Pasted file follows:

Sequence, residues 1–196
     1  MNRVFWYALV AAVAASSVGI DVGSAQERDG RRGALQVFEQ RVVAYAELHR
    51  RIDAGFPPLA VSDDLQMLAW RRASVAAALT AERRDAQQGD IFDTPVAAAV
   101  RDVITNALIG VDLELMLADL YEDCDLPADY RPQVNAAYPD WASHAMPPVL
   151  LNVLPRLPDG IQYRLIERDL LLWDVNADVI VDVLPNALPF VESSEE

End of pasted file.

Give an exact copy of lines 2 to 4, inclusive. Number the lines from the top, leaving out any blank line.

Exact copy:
     1  MNRVFWYALV AAVAASSVGI DVGSAQERDG RRGALQVFEQ RVVAYAELHR
    51  RIDAGFPPLA VSDDLQMLAW RRASVAAALT AERRDAQQGD IFDTPVAAAV
   101  RDVITNALIG VDLELMLADL YEDCDLPADY RPQVNAAYPD WASHAMPPVL